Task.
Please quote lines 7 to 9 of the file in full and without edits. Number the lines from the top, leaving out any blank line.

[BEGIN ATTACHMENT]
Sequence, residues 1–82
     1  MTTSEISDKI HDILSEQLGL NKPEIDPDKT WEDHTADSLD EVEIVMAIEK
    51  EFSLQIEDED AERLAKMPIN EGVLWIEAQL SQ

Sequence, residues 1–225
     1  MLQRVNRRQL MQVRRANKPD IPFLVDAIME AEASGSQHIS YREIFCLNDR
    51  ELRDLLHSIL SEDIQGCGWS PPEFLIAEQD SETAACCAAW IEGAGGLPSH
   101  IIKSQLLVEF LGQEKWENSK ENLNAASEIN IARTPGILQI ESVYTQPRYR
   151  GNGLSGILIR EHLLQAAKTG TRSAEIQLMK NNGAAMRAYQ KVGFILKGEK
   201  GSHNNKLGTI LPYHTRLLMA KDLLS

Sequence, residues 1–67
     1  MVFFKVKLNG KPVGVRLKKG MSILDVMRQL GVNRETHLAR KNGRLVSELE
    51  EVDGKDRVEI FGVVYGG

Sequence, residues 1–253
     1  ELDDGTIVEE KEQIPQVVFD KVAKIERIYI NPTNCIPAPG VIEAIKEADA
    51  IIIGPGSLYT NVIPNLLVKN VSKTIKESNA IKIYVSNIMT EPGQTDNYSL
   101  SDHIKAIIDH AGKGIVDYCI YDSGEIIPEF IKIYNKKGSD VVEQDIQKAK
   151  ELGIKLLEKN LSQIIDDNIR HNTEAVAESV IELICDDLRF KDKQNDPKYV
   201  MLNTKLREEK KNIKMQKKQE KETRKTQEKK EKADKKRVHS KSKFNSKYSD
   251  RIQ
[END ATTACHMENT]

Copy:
   101  IIKSQLLVEF LGQEKWENSK ENLNAASEIN IARTPGILQI ESVYTQPRYR
   151  GNGLSGILIR EHLLQAAKTG TRSAEIQLMK NNGAAMRAYQ KVGFILKGEK
   201  GSHNNKLGTI LPYHTRLLMA KDLLS